Let’s talk about triggers. Let’s get rid any stigma that you are weak because you have PTSD. Let’s better understand what it means to be triggered. Let’s answer the questions such as: Why do triggers have so much power? And can triggers ever decrease in power/intensity? Later we will talk about how to deal with triggers when they can be in your life every day.
When you are suffering from the effects of PTSD, you have an exaggerated startle response. This means, simply, that you get jumpy much more easily than others. It can be incredibly frustrating to jump just because someone closes a book behind you, or look around terrified because you smelled something upsettingly familiar. Just to ease the moment, you might even laugh at yourself, but inside you’re dying. It can be very difficult to explain to others what you’re going through. You might even be telling yourself to stop it. An exaggerated startle response happens to mostly everybody immediately following an incident. The problem is when the brain hasn’t been able to process the incident(s), causing the startle response to happen weeks, months, and years after the incident(s). That’s when it is no longer an acute trauma response, but potentially PTSD, depending on other criteria.
Triggers are something in the environment that reminds you of the initial traumatic experience(s). This can be something you see, hear (whether caused by something – a book slamming closed behind you, or someone talking – their voice, something they say, etc), feel (physically or emotionally – even emotions can be triggers), smell, touch, or taste. It can also be completely unknown at the moment. For some reason, you end up in a panic attack, or remembering the incident(s) very clearly. It is helpful to understand that there is ALWAYS a reason. There is always something in your environment being sent to your amygdala (the brain’s alarm system) setting off the alarm, reminding you of the trauma(s). This is one of the most important things to understand about triggers. There is ALWAYS a reason, even if you do not consciously understand or know it. You are not “crazy” or “broken” and there is nothing “wrong with you” for being triggered even when you don’t understand what triggered you.
Triggers are so very powerful because the brain hasn’t made sense of the incident(s) yet, therefore the incident(s) stays raw in your brain. The brain maintains the same power of the incident(s) with each trigger as when you went through the incident(s). Until your brain is able to file the incident(s) away in the proper place, the memory stays as “fresh” and “raw” as the time it happened. How can the brain decrease the trauma’s power if the brain hasn’t made sense of it? How can it decrease the power of the incident(s) if the brain doesn’t even know what to do and how to process the incident(s)? Triggering situations will maintain their power until the brain files the incident(s) away in the right place as “just a memory.” This can and does happen with traumatic events just as it does with non-traumatic events. Even if the trauma was years ago, don’t give up hope that the brain will heal as long as you are working on healing. It does not have to stay stuck forever. There are great modalities of therapy (EMDR – Eye movement desensitization and reprocessing, ART – Accelerated Resolution Therapy) that will help the brain make sense of the incident(s) and heal. I have been privileged to see the transformation from people being triggered daily for years to having them so rarely it doesn’t impact their lives anymore. I have also personally experienced the benefits of EMDR therapy in my own life.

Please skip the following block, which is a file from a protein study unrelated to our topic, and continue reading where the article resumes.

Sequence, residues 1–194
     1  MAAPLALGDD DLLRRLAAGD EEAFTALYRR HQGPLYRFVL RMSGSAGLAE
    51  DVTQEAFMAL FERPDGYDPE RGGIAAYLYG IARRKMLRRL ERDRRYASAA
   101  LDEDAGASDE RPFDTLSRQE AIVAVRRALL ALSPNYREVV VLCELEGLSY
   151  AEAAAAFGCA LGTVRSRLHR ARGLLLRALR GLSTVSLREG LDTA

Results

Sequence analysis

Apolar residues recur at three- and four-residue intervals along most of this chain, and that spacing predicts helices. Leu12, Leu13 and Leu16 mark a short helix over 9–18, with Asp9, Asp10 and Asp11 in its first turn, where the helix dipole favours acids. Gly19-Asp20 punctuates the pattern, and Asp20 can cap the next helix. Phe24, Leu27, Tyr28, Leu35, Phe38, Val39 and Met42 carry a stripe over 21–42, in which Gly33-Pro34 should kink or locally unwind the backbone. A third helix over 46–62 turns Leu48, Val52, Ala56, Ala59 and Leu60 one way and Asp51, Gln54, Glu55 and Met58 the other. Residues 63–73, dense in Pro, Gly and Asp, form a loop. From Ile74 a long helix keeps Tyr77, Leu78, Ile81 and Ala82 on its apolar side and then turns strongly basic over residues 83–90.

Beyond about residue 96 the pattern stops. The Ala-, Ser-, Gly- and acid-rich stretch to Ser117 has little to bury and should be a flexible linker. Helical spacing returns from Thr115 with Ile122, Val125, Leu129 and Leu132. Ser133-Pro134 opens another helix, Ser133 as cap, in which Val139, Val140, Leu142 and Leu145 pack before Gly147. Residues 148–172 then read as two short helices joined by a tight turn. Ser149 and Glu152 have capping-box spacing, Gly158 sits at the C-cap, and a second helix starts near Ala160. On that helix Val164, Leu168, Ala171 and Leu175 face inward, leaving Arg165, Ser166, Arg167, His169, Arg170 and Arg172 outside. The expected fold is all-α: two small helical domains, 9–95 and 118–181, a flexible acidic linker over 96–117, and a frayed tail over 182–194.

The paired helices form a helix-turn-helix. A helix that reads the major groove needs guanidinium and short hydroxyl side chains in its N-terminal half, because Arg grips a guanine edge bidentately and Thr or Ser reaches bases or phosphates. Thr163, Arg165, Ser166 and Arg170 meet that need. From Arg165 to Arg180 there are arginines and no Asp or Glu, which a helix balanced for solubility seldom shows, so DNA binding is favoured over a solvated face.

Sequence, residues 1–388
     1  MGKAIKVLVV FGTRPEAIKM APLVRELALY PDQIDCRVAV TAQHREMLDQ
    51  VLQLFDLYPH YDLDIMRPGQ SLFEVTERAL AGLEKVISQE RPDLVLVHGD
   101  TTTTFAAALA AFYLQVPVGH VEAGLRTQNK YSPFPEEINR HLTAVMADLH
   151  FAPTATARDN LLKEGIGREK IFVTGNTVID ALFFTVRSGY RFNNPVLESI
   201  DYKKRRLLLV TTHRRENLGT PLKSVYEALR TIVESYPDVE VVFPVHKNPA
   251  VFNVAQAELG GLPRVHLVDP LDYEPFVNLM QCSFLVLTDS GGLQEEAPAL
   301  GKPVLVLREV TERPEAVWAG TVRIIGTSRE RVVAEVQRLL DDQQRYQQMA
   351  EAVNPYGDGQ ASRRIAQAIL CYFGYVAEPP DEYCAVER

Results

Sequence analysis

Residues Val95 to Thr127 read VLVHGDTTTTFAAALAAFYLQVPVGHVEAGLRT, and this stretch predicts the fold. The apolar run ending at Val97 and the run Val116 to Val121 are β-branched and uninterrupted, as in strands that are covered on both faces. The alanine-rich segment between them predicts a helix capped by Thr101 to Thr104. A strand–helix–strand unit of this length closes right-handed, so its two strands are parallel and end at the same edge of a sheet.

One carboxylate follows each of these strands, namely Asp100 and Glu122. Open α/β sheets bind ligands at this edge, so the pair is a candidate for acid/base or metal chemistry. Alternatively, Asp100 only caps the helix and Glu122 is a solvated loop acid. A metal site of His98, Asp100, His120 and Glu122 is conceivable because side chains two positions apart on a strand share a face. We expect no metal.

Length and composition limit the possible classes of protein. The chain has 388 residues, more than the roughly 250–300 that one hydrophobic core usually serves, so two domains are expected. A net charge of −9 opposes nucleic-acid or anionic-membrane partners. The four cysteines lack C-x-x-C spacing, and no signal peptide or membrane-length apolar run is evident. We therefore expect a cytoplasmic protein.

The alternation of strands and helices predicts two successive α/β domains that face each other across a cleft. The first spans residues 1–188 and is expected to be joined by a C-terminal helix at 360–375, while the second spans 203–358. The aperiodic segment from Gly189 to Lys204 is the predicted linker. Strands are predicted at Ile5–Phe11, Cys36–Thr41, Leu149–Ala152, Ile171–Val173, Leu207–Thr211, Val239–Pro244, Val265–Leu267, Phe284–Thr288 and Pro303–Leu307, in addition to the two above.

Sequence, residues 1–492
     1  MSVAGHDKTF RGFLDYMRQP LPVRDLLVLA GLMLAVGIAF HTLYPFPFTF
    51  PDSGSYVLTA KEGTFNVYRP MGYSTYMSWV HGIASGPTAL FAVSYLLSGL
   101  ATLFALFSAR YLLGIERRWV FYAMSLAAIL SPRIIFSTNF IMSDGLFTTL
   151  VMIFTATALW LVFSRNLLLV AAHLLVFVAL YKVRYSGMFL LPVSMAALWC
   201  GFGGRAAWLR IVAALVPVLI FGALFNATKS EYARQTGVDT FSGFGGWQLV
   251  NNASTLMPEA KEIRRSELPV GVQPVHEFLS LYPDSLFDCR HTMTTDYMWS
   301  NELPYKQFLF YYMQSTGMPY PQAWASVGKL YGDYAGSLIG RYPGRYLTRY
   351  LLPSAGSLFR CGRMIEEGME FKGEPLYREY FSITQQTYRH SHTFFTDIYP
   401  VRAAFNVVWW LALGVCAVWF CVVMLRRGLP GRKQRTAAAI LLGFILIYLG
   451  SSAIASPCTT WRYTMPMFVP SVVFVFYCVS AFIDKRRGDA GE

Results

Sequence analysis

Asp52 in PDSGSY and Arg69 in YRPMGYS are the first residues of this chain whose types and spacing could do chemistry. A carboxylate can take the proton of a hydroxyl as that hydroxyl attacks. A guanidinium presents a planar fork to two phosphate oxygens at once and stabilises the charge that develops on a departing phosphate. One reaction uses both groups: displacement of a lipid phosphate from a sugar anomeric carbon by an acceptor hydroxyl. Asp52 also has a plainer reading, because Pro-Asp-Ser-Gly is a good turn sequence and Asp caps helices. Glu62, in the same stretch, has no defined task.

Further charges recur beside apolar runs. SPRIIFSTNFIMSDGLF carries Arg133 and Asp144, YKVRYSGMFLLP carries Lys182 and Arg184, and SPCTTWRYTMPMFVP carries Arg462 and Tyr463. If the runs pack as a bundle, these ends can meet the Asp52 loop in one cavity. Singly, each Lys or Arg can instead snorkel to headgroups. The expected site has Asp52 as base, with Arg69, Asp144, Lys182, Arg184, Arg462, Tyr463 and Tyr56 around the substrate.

I just mentioned EMDR and ART therapies to help the brain process the incident(s) and heal, decreasing both the intensity and frequency of triggers. But can triggers go away on their own? What about with other therapy, such as cognitive behavioral therapy? Although these are more complicated questions as people are complicated beings, the answer to both of these questions is yes. Triggers can go away on their own and can go away with other therapy modalities. They can also go away by use of alternative therapies such as yoga, acupuncture, acupressure, etc. The brain, like skin having a splinter, wants to heal. The body will do what it needs to in order to get rid of the splinter and heal the skin. The brain does the same. Sometimes the brain heals on its own without the need for outside assistance, just like sometimes the splinter gets pushed out on its own without the help of tweezers. Other times the brain or splinter in the skin needs additional outside assistance to heal. Who can say why sometimes the splinter forces its way out without assistance and sometimes it doesn’t. Same goes for the brain. It is unknown why some people, after weeks, months, or years of being triggered by something, just aren’t anymore. You wouldn’t think something is wrong with you at your core if you need to use tweezers to get a splinter out, right? So why would something be wrong with you at your core if something is stuck in your brain?
Triggers are so powerful and so frustrating. However, they do not have to be a life sentence. Don’t give up hope that even years after the traumatic experience(s), you can live a productive, stable life. With the right support, your brain can heal from anything. It is an amazingly resilient organ! Next week I’ll talk more about dealing with triggers when they happen. Comment below if there is anything you’d like me to talk about specifically next week. Or send me an email (firstname.lastname@example.org) or call me: 860-501-9767; 941-462-4807.